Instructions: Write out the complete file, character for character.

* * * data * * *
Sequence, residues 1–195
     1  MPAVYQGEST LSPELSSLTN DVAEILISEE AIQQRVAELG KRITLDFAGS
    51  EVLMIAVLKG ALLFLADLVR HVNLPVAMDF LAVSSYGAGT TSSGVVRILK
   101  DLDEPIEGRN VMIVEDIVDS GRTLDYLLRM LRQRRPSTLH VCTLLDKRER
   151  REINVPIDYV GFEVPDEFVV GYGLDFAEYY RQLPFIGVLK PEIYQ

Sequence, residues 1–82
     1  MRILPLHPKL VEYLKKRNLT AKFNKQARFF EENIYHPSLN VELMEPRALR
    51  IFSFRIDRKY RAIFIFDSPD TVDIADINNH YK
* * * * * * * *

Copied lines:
Sequence, residues 1–195
     1  MPAVYQGEST LSPELSSLTN DVAEILISEE AIQQRVAELG KRITLDFAGS
    51  EVLMIAVLKG ALLFLADLVR HVNLPVAMDF LAVSSYGAGT TSSGVVRILK
   101  DLDEPIEGRN VMIVEDIVDS GRTLDYLLRM LRQRRPSTLH VCTLLDKRER
   151  REINVPIDYV GFEVPDEFVV GYGLDFAEYY RQLPFIGVLK PEIYQ

Sequence, residues 1–82
     1  MRILPLHPKL VEYLKKRNLT AKFNKQARFF EENIYHPSLN VELMEPRALR
    51  IFSFRIDRKY RAIFIFDSPD TVDIADINNH YK